Gender-Sexuality Alliance Clubs Can Promote Youth Empowerment and Mental Health

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Many sexual and gender minority (SGM) youth face discrimination, which increases their risk of depression and anxiety—even into adulthood. School-based clubs called Gender-Sexuality Alliances (GSAs, also known as gay-straight alliances) have emerged to gather youth of all sexual orientations and gender identities to address SGM concerns. A recent study showed that GSAs can promote the mental health and self-empowerment of youth.

The study tested whether increased GSA activity and involvement in GSAs could empower youth and decrease symptoms of depression and anxiety. Study participants were 580 students, ages 10 to 20 years, in 38 GSAs in Massachusetts. Of these, 366 participants, plus 58 adult advisors, completed surveys at the beginning and end of the school year. The student surveys asked about demographics, GSA engagement level, perceived peer validation, self-efficacy to promote social justice, sense of hope, and symptoms of depression or anxiety. Advisors reported how well-equipped they felt to address issues related to sexual orientation and gender identity, as well as the number of times their GSAs met and discussed mental health–related issues.

GSA members who were more involved in the clubs over a school year were more likely to feel greater acceptance from peers and have increased hope and ability to encourage social justice. In addition, students who were more engaged in GSAs were less likely to show signs of depression or anxiety. Furthermore, members of GSAs that held more meetings and discussions on mental health had fewer concerns about mental health. Researchers also found no significant differences between the responses from SGM and heterosexual youth.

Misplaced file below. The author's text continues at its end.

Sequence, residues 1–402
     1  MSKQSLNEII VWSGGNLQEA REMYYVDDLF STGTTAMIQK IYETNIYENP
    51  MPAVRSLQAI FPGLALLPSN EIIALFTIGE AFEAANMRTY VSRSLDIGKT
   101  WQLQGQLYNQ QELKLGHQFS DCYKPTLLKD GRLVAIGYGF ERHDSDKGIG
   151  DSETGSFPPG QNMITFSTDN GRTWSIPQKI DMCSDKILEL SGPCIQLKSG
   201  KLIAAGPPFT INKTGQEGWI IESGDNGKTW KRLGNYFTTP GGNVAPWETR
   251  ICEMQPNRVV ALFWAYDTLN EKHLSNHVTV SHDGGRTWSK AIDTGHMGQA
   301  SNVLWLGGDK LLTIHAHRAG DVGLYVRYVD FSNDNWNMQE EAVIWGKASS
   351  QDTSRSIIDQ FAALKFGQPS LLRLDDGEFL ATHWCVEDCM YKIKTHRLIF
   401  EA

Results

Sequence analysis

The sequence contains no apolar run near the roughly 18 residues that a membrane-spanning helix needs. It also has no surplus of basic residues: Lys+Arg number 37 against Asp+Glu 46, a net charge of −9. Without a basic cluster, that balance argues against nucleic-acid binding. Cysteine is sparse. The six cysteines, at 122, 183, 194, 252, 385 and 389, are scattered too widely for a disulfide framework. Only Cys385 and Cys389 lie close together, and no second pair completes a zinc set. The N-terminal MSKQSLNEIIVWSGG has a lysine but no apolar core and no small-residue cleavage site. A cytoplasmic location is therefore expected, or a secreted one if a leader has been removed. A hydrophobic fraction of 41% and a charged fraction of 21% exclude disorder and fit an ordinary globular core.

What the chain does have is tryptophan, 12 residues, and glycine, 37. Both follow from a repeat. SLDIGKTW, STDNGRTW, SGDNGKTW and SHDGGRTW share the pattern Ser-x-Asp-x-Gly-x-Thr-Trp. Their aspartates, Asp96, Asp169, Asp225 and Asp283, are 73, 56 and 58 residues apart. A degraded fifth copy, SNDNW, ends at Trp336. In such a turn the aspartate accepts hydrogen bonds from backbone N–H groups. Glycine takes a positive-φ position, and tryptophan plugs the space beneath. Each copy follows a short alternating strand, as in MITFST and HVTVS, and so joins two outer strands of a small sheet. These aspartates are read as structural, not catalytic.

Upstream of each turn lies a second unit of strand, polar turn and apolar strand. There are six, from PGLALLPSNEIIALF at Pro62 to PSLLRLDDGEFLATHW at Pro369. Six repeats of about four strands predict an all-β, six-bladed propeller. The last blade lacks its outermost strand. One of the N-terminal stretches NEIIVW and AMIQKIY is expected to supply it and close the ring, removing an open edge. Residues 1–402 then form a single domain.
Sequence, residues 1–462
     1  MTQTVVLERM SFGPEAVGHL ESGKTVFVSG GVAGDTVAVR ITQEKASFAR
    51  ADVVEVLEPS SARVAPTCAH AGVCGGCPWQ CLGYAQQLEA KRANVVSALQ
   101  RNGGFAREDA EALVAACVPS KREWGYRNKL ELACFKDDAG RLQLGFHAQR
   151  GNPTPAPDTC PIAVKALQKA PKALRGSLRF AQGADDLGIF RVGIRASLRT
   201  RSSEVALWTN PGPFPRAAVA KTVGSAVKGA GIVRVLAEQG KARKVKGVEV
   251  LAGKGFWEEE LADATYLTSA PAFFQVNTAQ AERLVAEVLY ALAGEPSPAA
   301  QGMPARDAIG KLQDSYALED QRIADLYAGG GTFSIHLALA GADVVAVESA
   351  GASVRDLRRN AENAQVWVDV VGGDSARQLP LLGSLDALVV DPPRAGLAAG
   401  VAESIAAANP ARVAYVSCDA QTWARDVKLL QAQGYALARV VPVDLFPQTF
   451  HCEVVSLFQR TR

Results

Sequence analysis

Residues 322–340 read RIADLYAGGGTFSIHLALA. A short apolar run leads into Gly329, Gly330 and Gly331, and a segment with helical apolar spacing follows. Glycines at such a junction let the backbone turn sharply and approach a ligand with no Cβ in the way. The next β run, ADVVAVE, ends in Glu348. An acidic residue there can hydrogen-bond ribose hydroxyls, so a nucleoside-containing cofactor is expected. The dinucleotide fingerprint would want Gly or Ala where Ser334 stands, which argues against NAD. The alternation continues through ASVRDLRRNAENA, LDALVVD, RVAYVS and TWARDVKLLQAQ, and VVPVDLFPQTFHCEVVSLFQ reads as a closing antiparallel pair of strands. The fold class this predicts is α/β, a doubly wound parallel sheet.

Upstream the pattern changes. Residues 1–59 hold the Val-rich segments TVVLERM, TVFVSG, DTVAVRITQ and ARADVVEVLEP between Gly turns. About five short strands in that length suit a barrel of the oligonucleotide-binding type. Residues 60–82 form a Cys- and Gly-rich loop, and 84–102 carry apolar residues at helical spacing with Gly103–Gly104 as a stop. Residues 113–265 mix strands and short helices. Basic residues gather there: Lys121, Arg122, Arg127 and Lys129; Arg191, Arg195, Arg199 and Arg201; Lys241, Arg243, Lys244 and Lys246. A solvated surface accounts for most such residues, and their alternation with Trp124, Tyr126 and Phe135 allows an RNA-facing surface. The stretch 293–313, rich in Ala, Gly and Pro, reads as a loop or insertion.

By fostering youth self-empowerment, active GSA engagement can help to counteract the elevated risk of mental health challenges in marginalized groups. The study results suggest that this potential benefit in reducing depressive and anxiety symptoms may be drawn from an increase in hope that accompanied greater engagement in a GSA. Further research focusing on SGM youth in other locations and age groups may help provide greater insight on the impact of GSA involvement.

Citation:
Poteat, V. P., Calzo, J. P., Yoshikawa, H., Lipkin, A., Ceccolini, C. J., Rosenbach, S. B., O’Brien, M. D., Marx, R. A., Murchison, G. R., & Burson, E. (2019). Greater engagement in Gender‐Sexuality Alliances (GSAs) and GSA characteristics predict youth empowerment and reduced mental health concerns. Child Development, 1–20. Advance online publication. https://doi.org/10.1111/cdev.13345